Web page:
Spatial and Temporal Changes in Soil Organic Carbon Assessment using an Integrated Geostatistical and Compositional Data Analysis Approach

Jennifer McKinley, Raimon Tolosana-Delgado, Antoinette Keaney, Alastair Ruffell, Peter Atkinson

Research output: Chapter in Book/Report/Conference proceedingConference contribution


The Irish and UK governments, along with other countries, have made a commitment to limit the concentrations of greenhouse gases in the atmosphere by reducing emissions from the burning of fossil fuels. This can be achieved (in part) through increasing the sequestration of CO2 from the atmosphere including monitoring the amount stored in vegetation and soils. A large proportion of soil carbon is held within peat due to the relatively high carbon density of peat and organic-rich soils. This is particularly important for a country such as Ireland, where some 16% of the land surface is covered by peat. For Northern Ireland, it has been estimated that the total amount of carbon stored in vegetation is 4.4Mt compared to 386Mt stored within peat and soils. As a result it has become increasingly important to measure and monitor changes in stores of carbon in soils. The conservation and restoration of peat covered areas, although ongoing for many years, has become increasingly important. This is summed up in current EU policy outlined by the European Commission (2012) which seeks to assess the relative contributions of the different inputs and outputs of organic carbon and organic matter to and from soil. Results are presented from the EU-funded Tellus Border Soil Carbon Project (2011 to 2013) which aimed to improve current estimates of carbon in soil and peat across Northern Ireland and the bordering counties of the Republic of Ireland.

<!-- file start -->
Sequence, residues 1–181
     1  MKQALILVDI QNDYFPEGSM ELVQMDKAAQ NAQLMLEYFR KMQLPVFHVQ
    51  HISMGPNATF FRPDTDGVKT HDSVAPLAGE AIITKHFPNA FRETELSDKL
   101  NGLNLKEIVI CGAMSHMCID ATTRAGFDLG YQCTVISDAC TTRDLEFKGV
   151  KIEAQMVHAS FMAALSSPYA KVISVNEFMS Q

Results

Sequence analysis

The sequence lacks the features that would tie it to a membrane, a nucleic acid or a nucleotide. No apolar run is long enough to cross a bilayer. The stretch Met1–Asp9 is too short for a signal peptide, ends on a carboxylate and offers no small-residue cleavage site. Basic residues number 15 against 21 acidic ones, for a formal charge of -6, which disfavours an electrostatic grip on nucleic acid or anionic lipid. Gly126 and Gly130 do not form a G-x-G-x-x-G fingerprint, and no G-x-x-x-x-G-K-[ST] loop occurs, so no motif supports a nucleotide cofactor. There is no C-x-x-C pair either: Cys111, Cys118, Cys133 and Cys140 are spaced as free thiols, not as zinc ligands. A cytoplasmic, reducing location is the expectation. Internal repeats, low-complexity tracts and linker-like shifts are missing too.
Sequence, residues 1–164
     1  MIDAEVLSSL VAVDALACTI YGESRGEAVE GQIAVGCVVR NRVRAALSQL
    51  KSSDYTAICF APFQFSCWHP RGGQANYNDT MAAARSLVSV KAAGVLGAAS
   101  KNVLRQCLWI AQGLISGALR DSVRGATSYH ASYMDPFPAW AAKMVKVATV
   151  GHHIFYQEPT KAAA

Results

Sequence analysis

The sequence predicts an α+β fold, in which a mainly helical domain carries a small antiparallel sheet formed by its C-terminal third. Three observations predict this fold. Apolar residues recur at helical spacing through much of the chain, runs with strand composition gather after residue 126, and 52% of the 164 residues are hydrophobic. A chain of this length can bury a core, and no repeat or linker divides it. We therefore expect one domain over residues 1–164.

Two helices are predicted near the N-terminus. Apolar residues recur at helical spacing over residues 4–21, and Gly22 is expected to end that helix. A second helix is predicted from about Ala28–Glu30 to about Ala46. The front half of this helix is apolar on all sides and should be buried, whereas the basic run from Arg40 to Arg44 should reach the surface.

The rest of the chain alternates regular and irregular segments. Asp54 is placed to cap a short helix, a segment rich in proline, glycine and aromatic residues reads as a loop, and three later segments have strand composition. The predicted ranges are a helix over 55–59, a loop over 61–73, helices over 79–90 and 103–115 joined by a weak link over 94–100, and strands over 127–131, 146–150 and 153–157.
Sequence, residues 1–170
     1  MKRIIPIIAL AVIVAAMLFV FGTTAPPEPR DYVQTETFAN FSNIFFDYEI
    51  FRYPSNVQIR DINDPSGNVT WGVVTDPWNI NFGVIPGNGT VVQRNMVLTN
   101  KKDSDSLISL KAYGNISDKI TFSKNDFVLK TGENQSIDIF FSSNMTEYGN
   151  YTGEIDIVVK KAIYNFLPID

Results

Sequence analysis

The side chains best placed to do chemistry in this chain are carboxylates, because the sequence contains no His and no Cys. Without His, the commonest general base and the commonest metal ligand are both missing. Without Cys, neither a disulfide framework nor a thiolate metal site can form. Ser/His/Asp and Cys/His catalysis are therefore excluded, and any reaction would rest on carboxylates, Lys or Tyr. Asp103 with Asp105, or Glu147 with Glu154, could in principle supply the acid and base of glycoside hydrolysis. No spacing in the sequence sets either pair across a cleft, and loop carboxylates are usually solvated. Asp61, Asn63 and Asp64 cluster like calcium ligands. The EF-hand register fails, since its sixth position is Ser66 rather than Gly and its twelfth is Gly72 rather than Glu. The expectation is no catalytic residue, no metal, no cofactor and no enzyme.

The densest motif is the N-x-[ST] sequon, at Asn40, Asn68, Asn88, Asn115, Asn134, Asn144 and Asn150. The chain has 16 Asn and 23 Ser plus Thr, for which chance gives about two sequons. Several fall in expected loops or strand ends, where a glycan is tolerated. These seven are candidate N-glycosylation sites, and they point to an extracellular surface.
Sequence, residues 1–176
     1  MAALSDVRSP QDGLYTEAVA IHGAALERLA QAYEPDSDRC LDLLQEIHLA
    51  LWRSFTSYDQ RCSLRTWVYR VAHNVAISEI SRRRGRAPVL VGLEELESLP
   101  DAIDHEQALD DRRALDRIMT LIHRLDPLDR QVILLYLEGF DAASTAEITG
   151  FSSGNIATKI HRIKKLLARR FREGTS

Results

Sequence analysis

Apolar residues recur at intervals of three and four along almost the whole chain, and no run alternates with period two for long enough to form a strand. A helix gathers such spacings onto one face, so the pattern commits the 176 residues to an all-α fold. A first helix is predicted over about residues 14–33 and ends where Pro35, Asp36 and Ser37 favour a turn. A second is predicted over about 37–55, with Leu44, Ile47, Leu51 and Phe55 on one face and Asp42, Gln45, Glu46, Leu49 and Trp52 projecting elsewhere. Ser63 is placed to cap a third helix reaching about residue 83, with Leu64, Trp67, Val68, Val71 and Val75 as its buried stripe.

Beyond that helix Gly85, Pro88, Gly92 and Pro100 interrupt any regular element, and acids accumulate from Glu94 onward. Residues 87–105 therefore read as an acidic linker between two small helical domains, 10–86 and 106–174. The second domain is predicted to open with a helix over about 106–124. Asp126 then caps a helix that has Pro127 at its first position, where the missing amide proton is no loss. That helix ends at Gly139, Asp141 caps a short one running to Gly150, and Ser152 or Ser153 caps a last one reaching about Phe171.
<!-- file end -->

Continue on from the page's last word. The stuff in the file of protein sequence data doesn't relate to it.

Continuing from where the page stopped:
Historical reports and previous surveys provide baseline data. To monitor change in peat depth and soil organic carbon, these historical data are integrated with more recently acquired airborne geophysical (radiometric) data and ground-based geochemical data generated by two surveys, the Tellus Project (2004-2007: covering Northern Ireland) and the EU-funded Tellus Border project (2011-2013) covering the six bordering counties of the Republic of Ireland, Donegal, Sligo, Leitrim, Cavan, Monaghan and Louth. The concept being applied is that saturated organic-rich soil and peat attenuate gamma-radiation from underlying soils and rocks. This research uses the degree of spatial correlation (coregionalization) between peat depth, soil organic carbon (SOC) and the attenuation of the radiometric signal to update a limited sampling regime of ground-based measurements with remotely acquired data. To comply with the compositional nature of the SOC data (perturbations of loss on ignition [LOI] data), a compositional data analysis approach is investigated. Contemporaneous ground-based measurements allow corroboration for the updated mapped outputs. This provides a methodology that can be used to improve estimates of soil carbon with minimal impact to sensitive habitats (like peat bogs), but with maximum output of data and knowledge.

Original languageEnglish
Title of host publicationGeostatistics for Environmental Applications
EditorsNicolas Jeannee, Thomas Romary
Place of PublicationParis
PublisherPresses de MINES
Number of pages2
ISBN (Print)9782356711366
Publication statusPublished - 07 Jul 2014
EventGeoEnv 2014 - France, Paris, France
Duration: 07 Jul 201411 Jul 2014

Publication series

NameCollection Sciences de la terre et de l'environment
PublisherPresses de MINES


ConferenceGeoEnv 2014

ASJC Scopus subject areas

  • Earth and Planetary Sciences(all)
  • Environmental Science(all)


Dive into the research topics of 'Spatial and Temporal Changes in Soil Organic Carbon Assessment using an Integrated Geostatistical and Compositional Data Analysis Approach'. Together they form a unique fingerprint.

Cite this